Synopses & Reviews
Arc d'X is a reckless, visionary elegy for the second millennium and the literary bridge to the third. At its intersection of desire and conscience stands a fourteen-year-old slave girl surrounded by the men who have touched her: Thomas Jefferson, her lover and the inventor of America; Etcher, perched at the mouth of a volcano on the outskirts of a strange theocratic city, who is literally rewriting history; and a washed-up, middle-aged novelist named Erickson, waiting for the end of time in 1999 Berlin while a guerrilla army rebuilds the Wall in the dead of might. Where the center of the soul meets the blunt future of the street, Arc d'X is the novel that has been looming at the end of the American imagination.
"Erickson's dystopia is rather too familiarly rendered; and too often his prose simply disorients the reader when he means to explore the nature of disorientation. But he has written an undeniably prodigious work its disjunct sentences opening up new worlds of expectation, its grave and agonized obsessions standing out in stark contrast to the lucid principles Jefferson set down in the Declaration of Independence." Publishers Weekly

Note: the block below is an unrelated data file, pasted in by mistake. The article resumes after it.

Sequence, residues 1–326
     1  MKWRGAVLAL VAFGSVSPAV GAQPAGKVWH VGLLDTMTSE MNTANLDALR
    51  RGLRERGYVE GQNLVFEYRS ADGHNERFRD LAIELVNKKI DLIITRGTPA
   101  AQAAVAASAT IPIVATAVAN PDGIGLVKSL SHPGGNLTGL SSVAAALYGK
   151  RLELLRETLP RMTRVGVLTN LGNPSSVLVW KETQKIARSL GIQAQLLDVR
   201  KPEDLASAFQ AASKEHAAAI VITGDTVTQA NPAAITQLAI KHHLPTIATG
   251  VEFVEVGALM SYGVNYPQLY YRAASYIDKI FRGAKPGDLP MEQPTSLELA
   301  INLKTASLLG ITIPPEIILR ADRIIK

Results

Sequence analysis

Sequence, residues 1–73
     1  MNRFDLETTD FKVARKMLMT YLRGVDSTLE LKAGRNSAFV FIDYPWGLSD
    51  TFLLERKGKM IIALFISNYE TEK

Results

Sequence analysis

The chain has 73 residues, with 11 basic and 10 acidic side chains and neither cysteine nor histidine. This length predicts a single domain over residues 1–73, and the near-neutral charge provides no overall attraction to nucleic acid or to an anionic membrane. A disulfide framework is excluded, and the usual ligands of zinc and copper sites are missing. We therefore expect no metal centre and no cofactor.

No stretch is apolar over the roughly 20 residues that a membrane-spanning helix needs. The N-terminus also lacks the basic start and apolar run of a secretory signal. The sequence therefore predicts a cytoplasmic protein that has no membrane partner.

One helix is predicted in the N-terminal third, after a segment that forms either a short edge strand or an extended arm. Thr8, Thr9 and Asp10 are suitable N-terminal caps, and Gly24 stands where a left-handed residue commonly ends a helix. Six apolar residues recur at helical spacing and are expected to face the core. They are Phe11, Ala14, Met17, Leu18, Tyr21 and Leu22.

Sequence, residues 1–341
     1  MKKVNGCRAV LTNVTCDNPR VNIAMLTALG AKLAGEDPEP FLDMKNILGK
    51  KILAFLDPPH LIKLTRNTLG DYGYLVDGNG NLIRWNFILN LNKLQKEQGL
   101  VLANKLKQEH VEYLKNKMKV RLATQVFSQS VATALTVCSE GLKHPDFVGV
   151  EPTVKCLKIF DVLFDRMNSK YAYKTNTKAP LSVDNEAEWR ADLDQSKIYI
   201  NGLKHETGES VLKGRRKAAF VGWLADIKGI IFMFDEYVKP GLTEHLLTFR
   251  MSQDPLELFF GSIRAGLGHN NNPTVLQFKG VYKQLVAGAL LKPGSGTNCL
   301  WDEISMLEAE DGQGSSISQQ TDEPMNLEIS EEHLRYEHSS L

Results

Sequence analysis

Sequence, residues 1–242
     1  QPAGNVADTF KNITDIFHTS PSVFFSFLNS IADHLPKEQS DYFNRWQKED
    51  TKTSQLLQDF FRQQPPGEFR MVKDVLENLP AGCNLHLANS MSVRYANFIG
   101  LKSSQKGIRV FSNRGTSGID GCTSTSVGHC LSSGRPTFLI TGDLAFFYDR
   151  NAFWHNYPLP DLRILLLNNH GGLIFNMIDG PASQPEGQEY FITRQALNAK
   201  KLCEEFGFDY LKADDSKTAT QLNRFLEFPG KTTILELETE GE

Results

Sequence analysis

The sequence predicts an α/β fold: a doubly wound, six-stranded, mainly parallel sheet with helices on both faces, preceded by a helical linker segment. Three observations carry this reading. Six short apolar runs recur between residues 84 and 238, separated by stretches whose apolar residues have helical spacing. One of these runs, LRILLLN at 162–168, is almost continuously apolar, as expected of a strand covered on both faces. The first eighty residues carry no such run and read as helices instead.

"Erickson skillfully shows that for those in such pursuit, the impulses of freedom and love are frequently in conflict and ever so occasionally harmonious." Library Journal
About the Author
Los Angeles writer Steve Erickson was born in Santa Monica in 1950, and has published seven novels and two books of non-fiction. Currently a teacher in the CalArts MFA writing program, a film critic for Los Angeles magazine and the editor of Black Clock, he received a fellowship from the John Simon Guggenheim Foundation in 2007.